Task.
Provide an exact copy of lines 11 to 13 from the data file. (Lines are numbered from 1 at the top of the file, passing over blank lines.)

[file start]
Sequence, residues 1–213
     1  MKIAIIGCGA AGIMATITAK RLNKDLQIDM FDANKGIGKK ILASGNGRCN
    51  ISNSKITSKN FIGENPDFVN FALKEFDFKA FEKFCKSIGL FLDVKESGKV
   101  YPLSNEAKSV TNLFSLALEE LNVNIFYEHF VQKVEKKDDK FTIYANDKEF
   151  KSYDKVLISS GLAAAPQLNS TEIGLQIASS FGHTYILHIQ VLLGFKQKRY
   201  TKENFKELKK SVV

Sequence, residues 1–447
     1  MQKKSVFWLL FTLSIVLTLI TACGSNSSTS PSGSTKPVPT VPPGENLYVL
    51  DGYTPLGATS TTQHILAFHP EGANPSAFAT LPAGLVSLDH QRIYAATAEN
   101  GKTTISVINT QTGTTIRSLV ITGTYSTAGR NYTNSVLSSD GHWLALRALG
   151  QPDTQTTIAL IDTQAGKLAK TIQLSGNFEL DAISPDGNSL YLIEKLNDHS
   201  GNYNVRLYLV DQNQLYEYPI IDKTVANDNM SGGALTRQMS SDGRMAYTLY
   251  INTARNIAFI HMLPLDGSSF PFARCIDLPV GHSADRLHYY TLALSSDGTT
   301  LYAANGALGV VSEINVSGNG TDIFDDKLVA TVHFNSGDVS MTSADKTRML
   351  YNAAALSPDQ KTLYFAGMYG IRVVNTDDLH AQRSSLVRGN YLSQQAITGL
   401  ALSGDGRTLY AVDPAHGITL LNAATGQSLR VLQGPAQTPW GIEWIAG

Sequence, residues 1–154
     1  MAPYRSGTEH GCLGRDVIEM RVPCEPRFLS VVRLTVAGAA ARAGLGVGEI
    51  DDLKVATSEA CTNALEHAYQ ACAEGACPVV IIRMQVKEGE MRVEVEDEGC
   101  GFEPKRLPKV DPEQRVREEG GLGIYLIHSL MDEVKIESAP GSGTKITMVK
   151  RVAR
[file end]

   151  QPDTQTTIAL IDTQAGKLAK TIQLSGNFEL DAISPDGNSL YLIEKLNDHS
   201  GNYNVRLYLV DQNQLYEYPI IDKTVANDNM SGGALTRQMS SDGRMAYTLY
   251  INTARNIAFI HMLPLDGSSF PFARCIDLPV GHSADRLHYY TLALSSDGTT